Brexit 5: the UK and EU have failed the October 15 deadline

It’s Friday again (!) so this means we are here for you to share the key five developments that took place this week in Brexitland!

EU Summit – there is ‘shadow and light’ Merkel says

On 15-16th October, the European Council summit took place, a forum which gathers all 27 EU Heads of State to discuss pressing issues and Brexit was one of them. In the conclusions of the meeting published by the European Council recalls that the transition period will end on 31st  December 2020 and “notes with  concern that progress on the key issues of interest to the Union is still not sufficient for an agreement to be reached.”

As for the Internal Market Bill tabled by the UK government, the European Council remined the British counterparts that the Withdrawal Agreement and its Protocols must be fully and timely implemented.

Despite the lack of progress, German Chancellor Angela Merkel told reporters that she could see “light and shadow” and while “things have moved well” on some issues “there is still a lot of work to be done”. According to Merkel, more compromise is needed from UK Government.

British PM Johnson: ‘EU has refused to negotiate seriously’

As a reaction to EU’s disappointment on the lack of progress and compromise from UK Government to agree on the text for a trade deal and respect the self-imposed October 15 deadline, British Prime Minister, Boris Johnson stated that EU “has refused to negotiate seriously”. As a result, Johnson said that the UK should get ready for no deal.

UK Brexit negotiator, David Frost, has his own disappointments in a twitter post, mentioning that the Summit conclusions show a lack of commitment from the EU “to work intensively to reach a partnership as agreed” with Commission President, Ursula von der Leyen on 3rd October.

Nevertheless, Michel Barnier, the EU’s chief negotiator for Brexit, recommended that his team should come to London on Monday, 19th October to continue working on the negotiations of the trade deal.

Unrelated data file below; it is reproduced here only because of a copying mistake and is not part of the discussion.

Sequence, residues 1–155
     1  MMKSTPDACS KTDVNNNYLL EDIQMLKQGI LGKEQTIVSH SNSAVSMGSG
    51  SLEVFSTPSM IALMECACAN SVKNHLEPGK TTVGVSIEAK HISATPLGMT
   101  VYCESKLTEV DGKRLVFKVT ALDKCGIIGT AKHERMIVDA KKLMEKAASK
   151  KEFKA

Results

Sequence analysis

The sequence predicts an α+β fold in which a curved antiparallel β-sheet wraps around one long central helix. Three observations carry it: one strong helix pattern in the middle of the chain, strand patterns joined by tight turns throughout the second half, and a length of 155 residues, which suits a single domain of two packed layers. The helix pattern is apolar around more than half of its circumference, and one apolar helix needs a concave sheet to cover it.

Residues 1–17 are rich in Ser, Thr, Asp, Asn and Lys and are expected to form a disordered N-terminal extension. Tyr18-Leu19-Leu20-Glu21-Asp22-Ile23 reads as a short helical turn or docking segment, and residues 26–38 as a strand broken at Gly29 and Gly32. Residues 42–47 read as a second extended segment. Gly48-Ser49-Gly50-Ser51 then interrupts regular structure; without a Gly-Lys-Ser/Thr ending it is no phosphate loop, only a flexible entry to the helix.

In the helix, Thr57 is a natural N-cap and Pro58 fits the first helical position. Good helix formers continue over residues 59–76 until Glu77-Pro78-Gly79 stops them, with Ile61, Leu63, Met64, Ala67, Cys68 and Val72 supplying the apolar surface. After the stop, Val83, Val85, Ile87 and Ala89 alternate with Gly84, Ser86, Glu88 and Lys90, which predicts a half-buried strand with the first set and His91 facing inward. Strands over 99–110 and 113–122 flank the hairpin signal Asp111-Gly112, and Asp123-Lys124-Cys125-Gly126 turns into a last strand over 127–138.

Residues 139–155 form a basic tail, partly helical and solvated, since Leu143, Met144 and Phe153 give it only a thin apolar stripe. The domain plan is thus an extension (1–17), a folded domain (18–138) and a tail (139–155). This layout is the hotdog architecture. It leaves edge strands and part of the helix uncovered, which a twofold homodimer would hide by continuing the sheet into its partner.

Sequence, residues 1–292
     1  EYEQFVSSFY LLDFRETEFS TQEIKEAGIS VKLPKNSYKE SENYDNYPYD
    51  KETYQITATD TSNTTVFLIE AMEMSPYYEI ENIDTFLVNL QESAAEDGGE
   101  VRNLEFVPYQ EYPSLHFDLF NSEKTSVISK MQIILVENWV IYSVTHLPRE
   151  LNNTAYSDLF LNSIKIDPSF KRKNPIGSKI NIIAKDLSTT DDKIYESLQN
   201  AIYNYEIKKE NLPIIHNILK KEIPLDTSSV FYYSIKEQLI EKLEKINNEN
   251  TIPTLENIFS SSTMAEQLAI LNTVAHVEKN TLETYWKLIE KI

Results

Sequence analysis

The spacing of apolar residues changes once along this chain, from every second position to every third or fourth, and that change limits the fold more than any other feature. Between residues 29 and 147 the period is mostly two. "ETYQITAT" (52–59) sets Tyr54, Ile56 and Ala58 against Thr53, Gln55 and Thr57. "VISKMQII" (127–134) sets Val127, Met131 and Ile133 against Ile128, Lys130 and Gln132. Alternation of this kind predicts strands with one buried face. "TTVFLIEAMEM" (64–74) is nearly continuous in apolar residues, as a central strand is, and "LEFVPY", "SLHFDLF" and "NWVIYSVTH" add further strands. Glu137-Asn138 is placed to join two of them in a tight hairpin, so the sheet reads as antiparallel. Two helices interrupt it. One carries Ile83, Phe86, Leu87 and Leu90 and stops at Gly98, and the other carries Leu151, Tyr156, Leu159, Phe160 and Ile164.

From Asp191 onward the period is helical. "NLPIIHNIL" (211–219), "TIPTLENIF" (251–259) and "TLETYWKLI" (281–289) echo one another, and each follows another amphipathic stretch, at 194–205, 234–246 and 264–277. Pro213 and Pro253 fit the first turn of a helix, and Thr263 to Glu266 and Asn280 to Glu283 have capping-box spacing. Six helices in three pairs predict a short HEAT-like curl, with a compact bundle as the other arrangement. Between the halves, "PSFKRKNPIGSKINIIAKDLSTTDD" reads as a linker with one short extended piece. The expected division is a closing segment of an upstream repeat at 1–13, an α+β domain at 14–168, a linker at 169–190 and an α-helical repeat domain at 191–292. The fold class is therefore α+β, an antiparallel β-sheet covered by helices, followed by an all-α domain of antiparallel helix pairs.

UK Transport Secretary said EU-UK flights could be grounded if there is no deal

In a conference on tourism that took place this week, Grant Shapps, UK Transport Secretary, mentioned that flights could be grounded between the UK and the EU if the Brexit transition ends with no deal. At the same time, Shapps stated that there is a general agreement between both sides that there should not be any travel disruption (be it aviation or road) and that the UK is currently interested in agreeing “sensible additional flexibilities.”

Get ready, because “Winter is coming”!

UK Government publishes new provisions on Nutrition Labelling Composition and Standards

This month the UK Government published a command paper on the provisional common framework for Nutrition Labelling Composition and Standards (NLCS) responding to direct EU nutrition related legislation that will form part of domestic law under the EU Exit Withdrawal Agreement (Annex 1).

What should businesses know? The new framework focuses on replacing mechanisms which support current EU functions necessary to maintain current standards, such as those related to the authorisation of new claims; the amendment of lists and registers; or the notification of infant formula and medical foods. The paper informs that existing policy flexibility should be reflected but does not impose anything new.

Food Standards Agency publishes the EU Exit guidance on Health

On 12th October, the Food Standards Agency (FSA) published its updated official EU Exit Guidance on Health and Identification Marks that Applies from 1 January 2021. This guidance applies to all UK (Great Britain and Northern Ireland) food businesses that produce food products of animal origin (POAO) such as meat, egg products, fish, cheese and milk after the end of the EU Transition Period.

According to the updated guidance, from 1st January 2021 onwards, new health and identification marks can be used for POAO produced and placed on the market in Great Britain and Northern Ireland or exported outside of the UK. Businesses should know that a 21-month adjustment period for goods placed on the market in the UK is being proposed in order to reduce impact of the change in requirements for identification marks. The guidance informs however that the period of adjustment is not intended “to enable businesses to replenish stocks of labels, wrapping and packaging carrying the ‘UK/EC’ identification mark” after the end of the Transition Period and that they are encouraged to adopt the new markings as soon as possible once the Transition Period ends.

The Whitehouse team are experts in the potential impact of Brexit, providing political consultancy and public affairs advice to a wide range of clients, not only in the United Kingdom but also across the member states of the European Union. More information about our Brexit experience can be found here, or, if you have any questions, please contact our Chair, Chris Whitehouse, at